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Vote Against Goodwin Liu a Victory for the Rule of Law
Posted By Hans von Spakovsky On May 19, 2011 @ 5:44 pm In Legal | Comments Disabled
In one of the most important votes on Obama’s lower court judicial nominees, Democrats were unable to overcome the filibuster of Ninth Circuit Court nominee Goodwin Liu in a vote in the U.S. Senate this afternoon.
It takes 60 votes to end a filibuster under the Senate rules, and the final vote was only 52 in favor of cutting off debate, 43 opposed, one senator voting “present” (Sen. Orrin Hatch), and four not voting. Democrat Ben Nelson of Nebraska crossed party lines to oppose Liu, making it the first successful bipartisan filibuster since Abe Fortas. (Lisa Murkowski, the former Republican from Alaska who ran as an independent in her reelection bid last November, joined with Democrats in voting in favor of Liu.)
Liu is one the most radical and unqualified judicial nominee in decades. His views are so extreme, that even Republican members of the “Gang of 14,” who in 2005 said they would not filibuster judicial nominees except in “extraordinary circumstances,” voted to support a filibuster of Liu. This included Lindsey Graham and John McCain, and even the two Republican senators from Maine — Olympia Snowe and Susan Collins — who are considered by many to be the two most moderate Republicans in the Senate.
Senator Charles Grassley, the ranking Republican on the Senate Judiciary Committee, issued his own extraordinary statement prior to the vote, stating that Liu’s “record reflects a carefully honed and calculated philosophy that he developed and advanced over the course of his brief career in the ivory towers of academia and which threaten the American tradition of limited constitutional government.”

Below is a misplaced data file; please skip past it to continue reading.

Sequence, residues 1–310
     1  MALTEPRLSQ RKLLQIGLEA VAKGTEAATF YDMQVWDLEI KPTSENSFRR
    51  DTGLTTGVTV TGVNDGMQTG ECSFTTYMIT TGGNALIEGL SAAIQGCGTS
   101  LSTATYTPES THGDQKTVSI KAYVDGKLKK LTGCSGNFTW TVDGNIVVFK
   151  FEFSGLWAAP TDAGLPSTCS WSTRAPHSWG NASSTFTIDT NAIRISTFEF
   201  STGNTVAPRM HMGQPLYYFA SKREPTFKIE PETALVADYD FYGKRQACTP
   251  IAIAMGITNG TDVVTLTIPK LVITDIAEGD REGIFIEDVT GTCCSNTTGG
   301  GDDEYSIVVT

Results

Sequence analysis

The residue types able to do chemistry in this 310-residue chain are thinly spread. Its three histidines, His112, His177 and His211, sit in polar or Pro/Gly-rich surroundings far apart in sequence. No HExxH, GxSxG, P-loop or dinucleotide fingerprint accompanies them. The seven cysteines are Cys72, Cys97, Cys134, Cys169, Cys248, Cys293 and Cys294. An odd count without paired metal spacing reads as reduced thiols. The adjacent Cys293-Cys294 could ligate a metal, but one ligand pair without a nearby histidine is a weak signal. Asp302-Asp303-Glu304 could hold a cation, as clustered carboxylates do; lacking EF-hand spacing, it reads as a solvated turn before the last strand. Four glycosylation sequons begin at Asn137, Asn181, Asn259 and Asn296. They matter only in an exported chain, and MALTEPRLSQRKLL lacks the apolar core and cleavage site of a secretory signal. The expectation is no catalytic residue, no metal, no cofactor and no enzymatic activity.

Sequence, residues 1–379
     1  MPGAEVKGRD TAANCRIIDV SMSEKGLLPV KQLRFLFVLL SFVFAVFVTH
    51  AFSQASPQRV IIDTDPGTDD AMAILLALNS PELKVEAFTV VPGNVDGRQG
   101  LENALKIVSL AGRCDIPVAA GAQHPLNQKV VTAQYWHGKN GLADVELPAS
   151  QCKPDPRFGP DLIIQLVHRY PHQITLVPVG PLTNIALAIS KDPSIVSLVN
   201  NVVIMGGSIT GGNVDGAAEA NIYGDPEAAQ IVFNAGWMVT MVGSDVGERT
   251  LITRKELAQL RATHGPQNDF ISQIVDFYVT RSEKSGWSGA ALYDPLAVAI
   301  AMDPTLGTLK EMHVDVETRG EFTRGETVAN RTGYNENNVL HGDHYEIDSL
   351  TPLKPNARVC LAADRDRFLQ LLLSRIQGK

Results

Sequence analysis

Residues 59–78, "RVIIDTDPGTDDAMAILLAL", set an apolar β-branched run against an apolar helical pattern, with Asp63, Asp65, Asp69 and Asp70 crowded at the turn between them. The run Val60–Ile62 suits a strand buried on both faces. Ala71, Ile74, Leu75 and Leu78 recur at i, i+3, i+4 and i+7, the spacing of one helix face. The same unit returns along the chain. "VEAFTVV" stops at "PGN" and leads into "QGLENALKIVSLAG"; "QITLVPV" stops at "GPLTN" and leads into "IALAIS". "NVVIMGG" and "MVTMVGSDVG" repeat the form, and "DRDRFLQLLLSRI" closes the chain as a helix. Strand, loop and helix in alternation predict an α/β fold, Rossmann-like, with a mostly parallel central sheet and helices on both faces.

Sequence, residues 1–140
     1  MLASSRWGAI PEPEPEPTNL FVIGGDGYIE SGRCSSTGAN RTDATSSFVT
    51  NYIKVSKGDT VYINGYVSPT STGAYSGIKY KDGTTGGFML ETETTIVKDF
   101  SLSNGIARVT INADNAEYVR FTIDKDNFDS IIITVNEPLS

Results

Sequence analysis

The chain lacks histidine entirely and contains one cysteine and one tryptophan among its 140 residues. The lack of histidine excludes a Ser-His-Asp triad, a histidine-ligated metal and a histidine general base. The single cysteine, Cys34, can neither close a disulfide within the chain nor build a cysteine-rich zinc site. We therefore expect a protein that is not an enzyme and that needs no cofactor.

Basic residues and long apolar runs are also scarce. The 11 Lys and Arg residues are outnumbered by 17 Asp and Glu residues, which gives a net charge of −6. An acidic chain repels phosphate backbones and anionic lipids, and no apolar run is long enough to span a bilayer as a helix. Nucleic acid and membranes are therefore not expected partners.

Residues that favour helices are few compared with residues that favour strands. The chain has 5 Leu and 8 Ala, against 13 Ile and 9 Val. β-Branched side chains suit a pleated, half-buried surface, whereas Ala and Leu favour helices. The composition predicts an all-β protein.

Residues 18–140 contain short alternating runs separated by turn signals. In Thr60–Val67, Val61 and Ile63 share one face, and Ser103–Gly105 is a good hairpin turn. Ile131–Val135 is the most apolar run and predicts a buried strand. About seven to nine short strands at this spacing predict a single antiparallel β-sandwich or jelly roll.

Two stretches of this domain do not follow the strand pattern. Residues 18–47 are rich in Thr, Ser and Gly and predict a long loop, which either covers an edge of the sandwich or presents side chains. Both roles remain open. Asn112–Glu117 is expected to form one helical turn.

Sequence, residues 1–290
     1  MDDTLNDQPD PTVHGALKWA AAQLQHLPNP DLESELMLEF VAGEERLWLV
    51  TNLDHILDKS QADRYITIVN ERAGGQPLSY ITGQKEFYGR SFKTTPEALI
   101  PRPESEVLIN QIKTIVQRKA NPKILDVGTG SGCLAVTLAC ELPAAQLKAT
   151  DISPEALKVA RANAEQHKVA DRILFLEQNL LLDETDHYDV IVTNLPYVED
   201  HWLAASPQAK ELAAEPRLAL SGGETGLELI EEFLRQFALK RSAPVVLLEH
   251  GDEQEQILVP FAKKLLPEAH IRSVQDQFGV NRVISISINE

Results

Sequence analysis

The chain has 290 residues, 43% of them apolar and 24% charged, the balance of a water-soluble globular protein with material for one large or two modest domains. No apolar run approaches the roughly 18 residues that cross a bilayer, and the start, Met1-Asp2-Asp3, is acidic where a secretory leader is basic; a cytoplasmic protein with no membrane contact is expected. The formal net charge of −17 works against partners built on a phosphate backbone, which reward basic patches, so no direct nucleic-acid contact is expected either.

Grassley’s reference to Liu’s “brief” career is right. Liu had no courtroom experience and has spent almost his entire career at the Berkeley School of Law in California. He had dismissed a textual reading of the Constitution, saying that the judicial function properly seeks “an awareness of the evolving norms and social understandings of our country” and that a judge should act “as a culturally situated interpreter of social meaning.” Liu believes there is a constitutional right to welfare and that “societal discrimination” should be solved by imposing racial quotas in education, employment and contracting.
There simply is no question that, based on his record, he would have been a liberal activist judge who would have done untold damage to the Constitution and the rule of law if he had been confirmed to lifetime tenure on the federal bench. In fact, hard as it is to imagine, Liu would have pulled the Ninth Circuit to the left, despite the fact that it is already the most liberal (and out of control) court of appeals in the nation – almost 90 percent of its cases are overturned by the Supreme Court on appeal.
Today’s vote is a victory for everyone who believes that we are, and should remain, a nation of laws and not men. It is also an important result because if he had been confirmed, there is no doubt that Liu’s radical views would have made him an attractive candidate for consideration by President Obama if another vacancy were to occur on the Supreme Court. And finally, the vote sends an important signal to the White House that conservatives will not unilaterally disarm on the filibuster when the President nominates individuals who would do serious damage to the Constitution and the rule of law.
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